Saturday, July 21, 2012

Milking “The Dark Knight" Massacre

Joker, Harley, and Riddler
"Joker Harley Quinn, and the Riddler at Dragon Con 2011." Photo by Robert Williams via Flickr.  Photo is used to illustrate the fun of dressing up like a fictional character. Obviously no connection is implied between the motives of these individuals and that of the Aurora shooter.
“An entire dimension of human reality is therefore suppressed: the dimension which permits individuals and classes to develop a theory and technique of transcendence by which they might envisage the ‘determinate negation’ of their society.’
– Herbert Marcuse, “From Ontology to Technology: Fundamental Tendencies of Industrial Society,” in Critical Theory and Society (1989)
I feel cold, not physically cold but emotionally. It’s wrong to feel cold when 12 people are dead and 58 more are wounded for the “crime” of attending a midnight movie premiere.
I’m analyzing why I feel this way.
There’s a superficial answer – why does this tragedy get coverage, and not others equally as bad (if you can compare) or worse?

Why is the Batman movie massacre generating so many headlines? Frankly, because it’s a tragedy that people want to talk about. There’s the brand element – the popular “Batman” movie series; the fact that it involves “mainstream” (read White, middle class) victims; the fact that the alleged shooter is clearly a “bad guy” that we can all condemn who conveniently fits the “mad scientist” stereotype. Plus it’s interesting how he booby-trapped his apartment. Isn’t it?
Cold. But it’s better to be honest, though it’s horrible if true: Headlines aren’t about justice but making money. People will watch, click. Promoting and publicizing the details is about exploitation, and not the search for meaning amidst evil.
The old newspaper saying: “If it bleeds, it leads.” Somebody smells blood.
The "Batman" character of "The Joker" was clinically antisocial. His behavior showed "pervasive pattern of disregard for and violation of the rights of others” including harming society through illegal or deceptive behavior, aggression, impulsiveness, recklessness, irresponsibility, and worst of all lack of remorse. He was a psychopath, too – meaning he possessed “underlying traits that contribute to antisocial behavior patterns.”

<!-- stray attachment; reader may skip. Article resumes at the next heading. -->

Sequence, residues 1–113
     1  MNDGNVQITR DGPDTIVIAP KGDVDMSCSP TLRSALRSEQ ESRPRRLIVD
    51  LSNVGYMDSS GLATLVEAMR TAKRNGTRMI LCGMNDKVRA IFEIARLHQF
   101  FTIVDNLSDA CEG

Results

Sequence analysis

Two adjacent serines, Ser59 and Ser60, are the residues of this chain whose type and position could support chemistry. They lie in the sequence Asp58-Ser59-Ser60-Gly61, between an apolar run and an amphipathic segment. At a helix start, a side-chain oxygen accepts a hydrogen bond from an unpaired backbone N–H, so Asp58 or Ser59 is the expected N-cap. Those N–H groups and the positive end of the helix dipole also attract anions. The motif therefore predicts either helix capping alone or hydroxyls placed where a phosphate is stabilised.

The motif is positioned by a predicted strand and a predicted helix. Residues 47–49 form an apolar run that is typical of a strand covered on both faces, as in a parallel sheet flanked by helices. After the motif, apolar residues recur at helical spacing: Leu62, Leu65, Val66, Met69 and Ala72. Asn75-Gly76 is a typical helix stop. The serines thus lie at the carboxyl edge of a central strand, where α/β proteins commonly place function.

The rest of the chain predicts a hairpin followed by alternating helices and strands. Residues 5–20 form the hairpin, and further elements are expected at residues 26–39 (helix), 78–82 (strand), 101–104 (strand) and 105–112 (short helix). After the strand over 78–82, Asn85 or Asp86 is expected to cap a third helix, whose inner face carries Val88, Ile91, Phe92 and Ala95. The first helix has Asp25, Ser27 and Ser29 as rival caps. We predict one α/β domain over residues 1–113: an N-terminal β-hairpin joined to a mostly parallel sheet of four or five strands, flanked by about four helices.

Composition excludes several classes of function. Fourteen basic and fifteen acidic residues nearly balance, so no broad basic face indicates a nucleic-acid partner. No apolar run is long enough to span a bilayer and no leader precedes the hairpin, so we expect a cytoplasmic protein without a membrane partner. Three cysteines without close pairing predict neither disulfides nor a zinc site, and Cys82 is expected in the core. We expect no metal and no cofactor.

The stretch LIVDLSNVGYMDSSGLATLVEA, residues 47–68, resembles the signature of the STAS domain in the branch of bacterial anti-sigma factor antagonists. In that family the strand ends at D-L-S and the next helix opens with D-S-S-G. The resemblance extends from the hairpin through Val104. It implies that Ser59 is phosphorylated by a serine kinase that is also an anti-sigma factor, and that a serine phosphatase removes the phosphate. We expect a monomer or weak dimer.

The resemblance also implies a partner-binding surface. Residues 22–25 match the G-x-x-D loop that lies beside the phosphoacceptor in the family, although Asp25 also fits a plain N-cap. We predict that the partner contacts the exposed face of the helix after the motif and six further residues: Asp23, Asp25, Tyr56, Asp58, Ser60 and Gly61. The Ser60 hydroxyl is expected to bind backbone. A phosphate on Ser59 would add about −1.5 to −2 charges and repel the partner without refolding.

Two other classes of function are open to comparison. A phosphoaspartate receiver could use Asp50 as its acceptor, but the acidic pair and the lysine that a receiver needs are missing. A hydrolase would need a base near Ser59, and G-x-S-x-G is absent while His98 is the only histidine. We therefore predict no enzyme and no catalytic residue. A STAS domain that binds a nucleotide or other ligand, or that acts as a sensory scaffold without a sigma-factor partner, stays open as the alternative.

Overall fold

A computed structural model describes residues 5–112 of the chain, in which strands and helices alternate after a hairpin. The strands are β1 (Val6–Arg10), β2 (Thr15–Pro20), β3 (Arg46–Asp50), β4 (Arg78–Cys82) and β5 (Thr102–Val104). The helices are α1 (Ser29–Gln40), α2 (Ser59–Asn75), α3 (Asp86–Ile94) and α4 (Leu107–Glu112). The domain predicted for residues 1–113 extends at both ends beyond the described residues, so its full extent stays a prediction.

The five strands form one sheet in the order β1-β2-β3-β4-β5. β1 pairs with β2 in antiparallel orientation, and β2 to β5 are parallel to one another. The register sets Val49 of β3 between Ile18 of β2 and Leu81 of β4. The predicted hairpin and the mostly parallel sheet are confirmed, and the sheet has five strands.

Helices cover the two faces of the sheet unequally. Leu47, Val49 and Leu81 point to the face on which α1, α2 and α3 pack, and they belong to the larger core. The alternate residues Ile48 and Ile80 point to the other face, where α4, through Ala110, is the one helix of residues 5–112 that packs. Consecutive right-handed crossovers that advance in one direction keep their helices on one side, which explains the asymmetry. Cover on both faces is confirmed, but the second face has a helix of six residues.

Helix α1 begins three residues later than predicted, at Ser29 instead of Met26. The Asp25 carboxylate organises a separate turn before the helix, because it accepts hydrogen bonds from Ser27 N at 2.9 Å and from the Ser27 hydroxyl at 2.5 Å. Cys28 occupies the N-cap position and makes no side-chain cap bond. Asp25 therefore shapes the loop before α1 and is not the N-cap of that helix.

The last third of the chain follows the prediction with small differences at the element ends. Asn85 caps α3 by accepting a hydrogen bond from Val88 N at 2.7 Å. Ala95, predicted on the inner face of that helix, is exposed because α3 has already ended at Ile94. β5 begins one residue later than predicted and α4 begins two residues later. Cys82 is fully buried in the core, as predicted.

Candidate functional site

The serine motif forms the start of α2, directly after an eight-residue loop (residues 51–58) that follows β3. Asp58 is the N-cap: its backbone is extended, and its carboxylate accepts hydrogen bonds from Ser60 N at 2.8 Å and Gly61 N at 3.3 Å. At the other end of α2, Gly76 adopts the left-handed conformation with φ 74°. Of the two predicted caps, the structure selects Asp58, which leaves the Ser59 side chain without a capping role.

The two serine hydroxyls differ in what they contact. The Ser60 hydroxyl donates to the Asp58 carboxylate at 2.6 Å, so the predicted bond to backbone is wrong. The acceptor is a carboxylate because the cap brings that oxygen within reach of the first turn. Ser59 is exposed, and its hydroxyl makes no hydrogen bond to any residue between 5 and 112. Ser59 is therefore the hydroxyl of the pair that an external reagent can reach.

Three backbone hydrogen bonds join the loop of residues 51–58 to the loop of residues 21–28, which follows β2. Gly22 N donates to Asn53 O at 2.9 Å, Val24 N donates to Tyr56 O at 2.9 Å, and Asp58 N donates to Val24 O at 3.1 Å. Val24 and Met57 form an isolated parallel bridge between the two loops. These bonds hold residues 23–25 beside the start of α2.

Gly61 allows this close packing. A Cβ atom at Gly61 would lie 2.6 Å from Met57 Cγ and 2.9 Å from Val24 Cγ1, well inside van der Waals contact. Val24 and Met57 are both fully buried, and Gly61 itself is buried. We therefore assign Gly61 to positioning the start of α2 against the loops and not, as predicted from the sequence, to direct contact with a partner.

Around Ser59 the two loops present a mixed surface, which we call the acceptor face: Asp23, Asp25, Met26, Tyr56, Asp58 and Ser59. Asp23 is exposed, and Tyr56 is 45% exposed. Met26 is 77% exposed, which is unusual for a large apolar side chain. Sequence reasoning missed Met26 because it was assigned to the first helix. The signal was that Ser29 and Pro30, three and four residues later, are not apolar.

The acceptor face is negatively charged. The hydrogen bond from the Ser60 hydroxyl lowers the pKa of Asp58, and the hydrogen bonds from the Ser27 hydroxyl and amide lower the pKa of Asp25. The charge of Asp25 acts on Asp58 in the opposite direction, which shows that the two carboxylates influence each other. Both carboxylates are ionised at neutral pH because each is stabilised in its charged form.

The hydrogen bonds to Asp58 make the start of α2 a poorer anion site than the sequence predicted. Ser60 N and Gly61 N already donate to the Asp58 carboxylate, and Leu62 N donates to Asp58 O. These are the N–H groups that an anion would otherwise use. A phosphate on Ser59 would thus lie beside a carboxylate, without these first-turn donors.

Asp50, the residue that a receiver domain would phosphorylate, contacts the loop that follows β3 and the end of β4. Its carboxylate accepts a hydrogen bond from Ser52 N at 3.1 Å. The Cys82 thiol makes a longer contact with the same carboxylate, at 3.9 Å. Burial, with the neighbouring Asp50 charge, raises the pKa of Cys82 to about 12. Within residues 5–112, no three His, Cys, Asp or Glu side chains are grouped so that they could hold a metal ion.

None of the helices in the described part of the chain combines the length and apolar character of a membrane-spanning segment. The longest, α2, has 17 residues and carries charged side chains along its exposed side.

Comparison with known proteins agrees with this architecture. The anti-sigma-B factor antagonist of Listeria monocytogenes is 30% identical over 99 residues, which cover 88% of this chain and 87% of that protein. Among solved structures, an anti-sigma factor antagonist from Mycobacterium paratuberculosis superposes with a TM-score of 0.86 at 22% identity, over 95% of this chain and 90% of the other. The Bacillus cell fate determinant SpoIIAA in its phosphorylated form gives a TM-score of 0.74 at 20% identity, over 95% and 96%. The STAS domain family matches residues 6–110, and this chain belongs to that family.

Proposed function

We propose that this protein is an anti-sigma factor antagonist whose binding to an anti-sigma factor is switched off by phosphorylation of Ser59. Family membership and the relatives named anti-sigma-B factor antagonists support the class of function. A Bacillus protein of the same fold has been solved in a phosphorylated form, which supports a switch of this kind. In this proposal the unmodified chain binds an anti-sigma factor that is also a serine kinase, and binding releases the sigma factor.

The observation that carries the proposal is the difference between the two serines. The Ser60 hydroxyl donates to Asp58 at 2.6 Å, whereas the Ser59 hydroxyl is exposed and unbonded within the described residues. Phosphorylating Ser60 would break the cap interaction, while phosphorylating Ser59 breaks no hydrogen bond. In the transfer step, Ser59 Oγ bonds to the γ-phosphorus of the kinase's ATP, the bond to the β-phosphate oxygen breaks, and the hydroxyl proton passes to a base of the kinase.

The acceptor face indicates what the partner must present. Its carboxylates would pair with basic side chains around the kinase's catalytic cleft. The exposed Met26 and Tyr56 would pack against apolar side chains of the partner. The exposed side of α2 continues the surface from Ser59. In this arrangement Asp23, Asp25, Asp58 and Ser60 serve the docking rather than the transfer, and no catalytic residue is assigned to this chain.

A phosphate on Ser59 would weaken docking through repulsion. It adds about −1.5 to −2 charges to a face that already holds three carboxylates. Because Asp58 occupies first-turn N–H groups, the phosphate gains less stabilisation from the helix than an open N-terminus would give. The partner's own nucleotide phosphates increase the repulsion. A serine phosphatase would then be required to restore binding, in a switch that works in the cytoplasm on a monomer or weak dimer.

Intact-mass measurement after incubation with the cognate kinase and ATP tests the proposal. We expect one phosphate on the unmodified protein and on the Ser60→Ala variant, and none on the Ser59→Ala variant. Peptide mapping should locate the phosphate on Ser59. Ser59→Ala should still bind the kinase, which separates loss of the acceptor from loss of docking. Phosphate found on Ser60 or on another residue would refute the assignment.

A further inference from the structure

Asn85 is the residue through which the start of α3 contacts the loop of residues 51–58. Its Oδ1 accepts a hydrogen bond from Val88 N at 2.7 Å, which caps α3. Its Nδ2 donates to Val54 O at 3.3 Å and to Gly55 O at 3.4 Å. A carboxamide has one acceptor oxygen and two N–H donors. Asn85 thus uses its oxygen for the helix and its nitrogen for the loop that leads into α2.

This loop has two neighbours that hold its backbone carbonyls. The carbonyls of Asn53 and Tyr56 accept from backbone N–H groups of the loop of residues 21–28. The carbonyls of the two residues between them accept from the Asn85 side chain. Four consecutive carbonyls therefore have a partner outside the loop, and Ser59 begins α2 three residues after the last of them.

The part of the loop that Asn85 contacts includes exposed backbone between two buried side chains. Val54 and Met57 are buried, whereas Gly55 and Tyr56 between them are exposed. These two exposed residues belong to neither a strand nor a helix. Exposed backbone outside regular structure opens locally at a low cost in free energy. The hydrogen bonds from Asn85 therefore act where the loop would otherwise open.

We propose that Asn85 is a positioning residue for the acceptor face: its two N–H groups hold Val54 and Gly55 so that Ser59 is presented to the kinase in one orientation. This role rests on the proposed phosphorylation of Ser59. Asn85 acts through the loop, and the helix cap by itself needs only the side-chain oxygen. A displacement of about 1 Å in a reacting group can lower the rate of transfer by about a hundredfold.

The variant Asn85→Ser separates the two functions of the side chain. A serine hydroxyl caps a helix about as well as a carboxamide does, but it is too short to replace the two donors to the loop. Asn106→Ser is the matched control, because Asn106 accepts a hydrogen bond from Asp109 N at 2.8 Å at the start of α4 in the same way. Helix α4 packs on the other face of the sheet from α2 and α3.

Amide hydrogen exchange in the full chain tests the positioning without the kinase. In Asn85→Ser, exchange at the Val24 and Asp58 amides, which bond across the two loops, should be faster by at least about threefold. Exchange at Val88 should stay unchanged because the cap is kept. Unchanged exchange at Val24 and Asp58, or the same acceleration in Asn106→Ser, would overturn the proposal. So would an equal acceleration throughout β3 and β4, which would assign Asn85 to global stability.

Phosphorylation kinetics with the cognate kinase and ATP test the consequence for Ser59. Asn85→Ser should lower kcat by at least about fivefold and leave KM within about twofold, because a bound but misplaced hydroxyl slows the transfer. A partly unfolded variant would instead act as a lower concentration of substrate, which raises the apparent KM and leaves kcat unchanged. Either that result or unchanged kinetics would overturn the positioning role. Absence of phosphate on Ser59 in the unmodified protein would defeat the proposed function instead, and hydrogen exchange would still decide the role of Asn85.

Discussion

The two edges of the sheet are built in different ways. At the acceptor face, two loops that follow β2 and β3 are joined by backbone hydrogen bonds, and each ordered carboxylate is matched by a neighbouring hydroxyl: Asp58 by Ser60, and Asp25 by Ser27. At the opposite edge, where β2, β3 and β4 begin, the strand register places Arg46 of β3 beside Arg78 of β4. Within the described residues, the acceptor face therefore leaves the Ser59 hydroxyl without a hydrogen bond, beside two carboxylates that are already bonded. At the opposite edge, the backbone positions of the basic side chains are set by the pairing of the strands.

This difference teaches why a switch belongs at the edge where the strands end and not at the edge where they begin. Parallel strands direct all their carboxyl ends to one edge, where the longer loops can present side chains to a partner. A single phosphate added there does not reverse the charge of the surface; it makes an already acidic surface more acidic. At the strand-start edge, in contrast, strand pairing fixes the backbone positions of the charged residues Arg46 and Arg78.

The psychopath is charming; grandiose; a liar; manipulative; lacks guilt or remorse; has no empathy; needs constant stimulation; doesn’t care about social norms or behavioral self-control; and is irresponsible with “unrealistic long-term goals.”
In what way is “The Joker” different from the typical marketer, exactly? Do we not possess so many of the traits listed above?
Are not consumers in many ways similar to “The Joker?” (Headline in today’s “Wall Street Journal” – “The Customer As A God”)
What we can’t really talk about, but perhaps ought to, is the hypocrisy of our collective professions of emotional despondency over this tragedy. Because facing it might force us to change, when we sort of like things just the way they are.
Though we undoubtedly do feel pain for others’ loss, on some level we are also exploiting the loss as an opportunity to – talk about something that people find worthwhile. To sell a website or a TV station or a particular reporter or agency or whoever can get in on the action to sell their brand.
In a world where“a lot of the people thought the gunshots were a part of the movie” or “a publicity stunt” – meaning that consumers are as savvy as those who market to them, that we are not all that different from marketers ourselves, that the shooter is perhaps not as far from our own brains as we like to think – in this kind of world is it not our responsibility to discuss the possible hypocrisy of our discourse about tragedy?
Whatever we cannot talk about, we collude in perpetuating. We ought to examine the motives behind making much of this particular tragedy, and little of so many others. 

Why there is a sense of coldness even as people act like they care so very much. 
And why even those who feel the hypocrisy are not immune from using it. 

In the end there is a very fine line between recognizing a problem, and using it to generate attention for yourself. 

Nowadays that line is almost indistinguishable.